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5

A possible solution would be to show where the row landed by scrolling the entire table up or down after the edit is complete, then showing a highlight around the position of the new location. Nothing that would last very long, just enough time that the user can locate where it went. This would require some animation and scroll hijacking, but I like the use ...


4

Assuming you want to avoid hierarchical categorization, you can use freeform category tags to apply multiple filters:


4

Any list of items with text labels can at least be grouped by first letter. That said, I can't even imagine 1000+ root level categories for movies. Can these categories be curated down to just a few that make sense because how do I even know which category to search for?


3

With Option 1 there is no indication that the columns are sortable - it just states that one of the columns is sorted, but that doesn't have to mean that you can click on the other headers as well. So definitely option 2


3

If I understand you correctly you have videos and you want people to be able to find them easily without them having been put into pre-set categories such as what Netflix does. You haven't given us much information about what kind of videos Hollywood type movies; YouTube cute puppies and guppies; instructional videos - how to use Photoshop, fix your ...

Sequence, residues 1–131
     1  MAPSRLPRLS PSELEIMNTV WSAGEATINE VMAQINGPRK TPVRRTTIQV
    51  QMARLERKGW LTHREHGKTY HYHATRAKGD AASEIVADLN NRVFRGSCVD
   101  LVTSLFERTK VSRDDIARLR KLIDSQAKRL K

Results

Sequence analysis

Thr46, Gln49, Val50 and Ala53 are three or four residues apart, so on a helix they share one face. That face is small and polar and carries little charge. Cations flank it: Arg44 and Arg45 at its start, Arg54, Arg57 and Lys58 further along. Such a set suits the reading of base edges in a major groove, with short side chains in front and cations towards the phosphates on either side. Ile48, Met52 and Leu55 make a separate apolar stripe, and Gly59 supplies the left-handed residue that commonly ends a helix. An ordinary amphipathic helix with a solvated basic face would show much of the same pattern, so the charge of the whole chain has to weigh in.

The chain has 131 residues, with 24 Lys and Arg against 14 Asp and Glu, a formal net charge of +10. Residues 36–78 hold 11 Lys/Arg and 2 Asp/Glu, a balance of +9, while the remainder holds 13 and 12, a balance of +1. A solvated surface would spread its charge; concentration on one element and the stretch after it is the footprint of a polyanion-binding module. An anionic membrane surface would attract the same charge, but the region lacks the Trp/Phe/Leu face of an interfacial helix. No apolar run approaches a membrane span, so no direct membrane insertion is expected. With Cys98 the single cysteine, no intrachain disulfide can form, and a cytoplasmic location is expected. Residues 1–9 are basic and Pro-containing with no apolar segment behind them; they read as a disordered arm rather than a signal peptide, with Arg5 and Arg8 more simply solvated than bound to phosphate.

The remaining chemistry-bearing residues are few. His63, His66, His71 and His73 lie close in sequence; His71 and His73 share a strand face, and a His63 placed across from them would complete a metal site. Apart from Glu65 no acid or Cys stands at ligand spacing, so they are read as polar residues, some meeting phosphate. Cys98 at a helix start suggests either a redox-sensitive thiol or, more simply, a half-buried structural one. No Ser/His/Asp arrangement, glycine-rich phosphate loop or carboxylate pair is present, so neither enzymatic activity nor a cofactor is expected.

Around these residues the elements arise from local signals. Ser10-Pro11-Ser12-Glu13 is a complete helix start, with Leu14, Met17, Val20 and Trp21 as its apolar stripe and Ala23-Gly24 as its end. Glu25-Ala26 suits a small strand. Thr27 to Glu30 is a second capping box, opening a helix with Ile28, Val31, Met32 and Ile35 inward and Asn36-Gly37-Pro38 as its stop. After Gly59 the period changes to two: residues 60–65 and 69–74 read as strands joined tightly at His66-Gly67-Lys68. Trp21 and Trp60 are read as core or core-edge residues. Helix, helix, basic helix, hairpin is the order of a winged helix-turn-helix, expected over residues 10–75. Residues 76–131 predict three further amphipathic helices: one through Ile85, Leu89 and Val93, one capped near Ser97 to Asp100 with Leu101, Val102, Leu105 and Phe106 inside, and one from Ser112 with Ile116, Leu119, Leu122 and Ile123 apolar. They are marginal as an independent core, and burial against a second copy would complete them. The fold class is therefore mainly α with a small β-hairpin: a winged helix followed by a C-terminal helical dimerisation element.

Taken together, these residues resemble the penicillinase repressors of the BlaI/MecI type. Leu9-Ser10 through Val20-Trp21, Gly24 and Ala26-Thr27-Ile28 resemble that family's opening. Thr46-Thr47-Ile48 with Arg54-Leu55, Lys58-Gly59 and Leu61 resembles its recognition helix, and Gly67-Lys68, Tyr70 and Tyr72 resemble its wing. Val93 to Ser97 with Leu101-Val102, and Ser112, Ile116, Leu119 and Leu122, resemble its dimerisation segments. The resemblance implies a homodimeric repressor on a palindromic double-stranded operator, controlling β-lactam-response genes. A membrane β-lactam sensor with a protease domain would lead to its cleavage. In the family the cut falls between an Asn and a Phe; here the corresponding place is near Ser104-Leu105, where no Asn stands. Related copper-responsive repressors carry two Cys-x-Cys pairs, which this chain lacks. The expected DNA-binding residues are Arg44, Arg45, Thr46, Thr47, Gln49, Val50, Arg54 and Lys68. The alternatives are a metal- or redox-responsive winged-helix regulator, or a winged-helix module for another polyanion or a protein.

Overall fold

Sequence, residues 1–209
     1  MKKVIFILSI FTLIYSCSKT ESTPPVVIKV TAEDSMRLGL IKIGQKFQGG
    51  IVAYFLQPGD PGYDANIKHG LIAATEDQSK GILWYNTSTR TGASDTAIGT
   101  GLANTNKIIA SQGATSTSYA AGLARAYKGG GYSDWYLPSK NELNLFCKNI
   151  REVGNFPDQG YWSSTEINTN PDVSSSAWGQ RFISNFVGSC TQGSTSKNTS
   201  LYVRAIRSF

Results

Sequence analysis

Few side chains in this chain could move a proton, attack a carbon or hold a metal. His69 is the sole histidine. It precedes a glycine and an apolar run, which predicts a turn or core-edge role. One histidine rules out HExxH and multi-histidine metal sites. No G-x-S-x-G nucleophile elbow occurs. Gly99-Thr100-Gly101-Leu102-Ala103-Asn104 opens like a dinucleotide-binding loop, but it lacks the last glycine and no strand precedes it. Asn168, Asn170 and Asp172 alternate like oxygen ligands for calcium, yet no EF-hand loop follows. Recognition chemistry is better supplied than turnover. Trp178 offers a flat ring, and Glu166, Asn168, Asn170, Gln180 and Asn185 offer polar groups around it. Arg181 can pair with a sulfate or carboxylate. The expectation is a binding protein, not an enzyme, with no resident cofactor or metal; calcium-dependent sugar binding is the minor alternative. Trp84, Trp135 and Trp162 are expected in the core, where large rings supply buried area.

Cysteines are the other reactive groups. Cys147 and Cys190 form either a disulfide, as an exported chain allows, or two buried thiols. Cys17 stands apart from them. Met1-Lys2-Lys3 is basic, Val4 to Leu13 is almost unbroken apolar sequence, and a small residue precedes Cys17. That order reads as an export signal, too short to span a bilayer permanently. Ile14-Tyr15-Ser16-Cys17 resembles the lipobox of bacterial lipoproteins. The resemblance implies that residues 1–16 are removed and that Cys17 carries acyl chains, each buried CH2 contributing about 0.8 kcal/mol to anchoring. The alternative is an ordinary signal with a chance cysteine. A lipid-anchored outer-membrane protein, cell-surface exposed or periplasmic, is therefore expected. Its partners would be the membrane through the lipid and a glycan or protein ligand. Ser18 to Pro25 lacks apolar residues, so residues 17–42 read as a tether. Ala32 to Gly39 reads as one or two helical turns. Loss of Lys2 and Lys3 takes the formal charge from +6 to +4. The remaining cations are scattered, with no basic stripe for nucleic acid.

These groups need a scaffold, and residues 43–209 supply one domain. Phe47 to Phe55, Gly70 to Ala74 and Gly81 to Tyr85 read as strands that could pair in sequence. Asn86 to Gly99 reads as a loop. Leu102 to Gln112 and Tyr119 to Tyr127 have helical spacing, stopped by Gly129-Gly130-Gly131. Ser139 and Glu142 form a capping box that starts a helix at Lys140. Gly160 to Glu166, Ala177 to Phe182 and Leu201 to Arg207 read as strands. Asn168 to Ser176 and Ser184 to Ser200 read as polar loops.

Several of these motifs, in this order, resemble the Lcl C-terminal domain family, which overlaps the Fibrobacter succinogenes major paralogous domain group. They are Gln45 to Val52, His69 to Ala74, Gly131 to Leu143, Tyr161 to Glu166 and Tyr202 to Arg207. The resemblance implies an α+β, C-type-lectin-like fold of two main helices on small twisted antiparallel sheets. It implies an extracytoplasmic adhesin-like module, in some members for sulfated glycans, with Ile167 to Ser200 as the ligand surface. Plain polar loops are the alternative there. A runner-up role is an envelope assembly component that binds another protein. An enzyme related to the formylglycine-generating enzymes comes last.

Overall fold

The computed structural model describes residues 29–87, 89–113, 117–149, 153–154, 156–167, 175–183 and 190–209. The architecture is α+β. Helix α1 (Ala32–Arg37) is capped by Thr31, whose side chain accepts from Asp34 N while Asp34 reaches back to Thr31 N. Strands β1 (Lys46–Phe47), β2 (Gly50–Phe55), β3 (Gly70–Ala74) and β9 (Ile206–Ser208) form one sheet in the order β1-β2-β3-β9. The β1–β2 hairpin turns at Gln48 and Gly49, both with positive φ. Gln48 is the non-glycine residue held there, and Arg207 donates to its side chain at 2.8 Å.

2

The order of the information should be set by what you want the user to do. For new users the offerings of the site should be first. For returning users put the account at the end. In lists in general the first two and last items carry the most weight! The name of sections are also important. Avoid generic titles like 'info' or 'details' as these wont' ...


2

Ω (Alt 234) will push an item to the bottom in windows file folders; I like it because it's intuitive.


2

Ordering this content by when it was last edited or updated seems like a rather confusing approach, especially given that users bring a typical news streams and calendar timelines paradigm with them. If not confusing to the user, this would be rather frustrating and require users to learn a different approach to your timeline only. I tried to come up with ...


2

Your question: What are the cases where one would use this type of filter and how effective is it? Is something you answered previously: [When you can] assume the user knows what the first letter of the item is. Context-wise, I think your two examples are likely the most applicable uses: dictionaries and address books. iOS7's address book, for ...


2

I detest the iTunes UX, so I'm a fan of any competition :-) The 'conventional' way to sort is by clicking on the column headers. So I think any solution should attempt to be compatible with this behavior. For multi-column sort, things become more difficult. Columns can quickly get cluttered with tiny arrows or badges. The tiny directional arrows can be ...


2

I typically use a grippy looking dotted area like this, that's also roughly the size/shape of a fingertip. ...or 3 bars indicating a similarly grippable area: The idea being to make it look like the surface of the button itself stippled or embossed - and so making it more connected to the whole button rather than being a separate function or action. ...